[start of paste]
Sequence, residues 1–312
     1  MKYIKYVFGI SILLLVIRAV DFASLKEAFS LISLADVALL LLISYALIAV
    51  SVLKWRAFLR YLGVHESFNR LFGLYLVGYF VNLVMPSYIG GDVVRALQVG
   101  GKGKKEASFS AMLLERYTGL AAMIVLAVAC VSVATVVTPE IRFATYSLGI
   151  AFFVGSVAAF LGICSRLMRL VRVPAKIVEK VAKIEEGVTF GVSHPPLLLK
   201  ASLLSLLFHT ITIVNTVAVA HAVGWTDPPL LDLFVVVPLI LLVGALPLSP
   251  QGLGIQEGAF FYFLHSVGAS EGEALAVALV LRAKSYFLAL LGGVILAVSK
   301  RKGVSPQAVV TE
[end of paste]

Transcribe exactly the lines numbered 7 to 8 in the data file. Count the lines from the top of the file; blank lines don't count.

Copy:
   251  QGLGIQEGAF FYFLHSVGAS EGEALAVALV LRAKSYFLAL LGGVILAVSK
   301  RKGVSPQAVV TE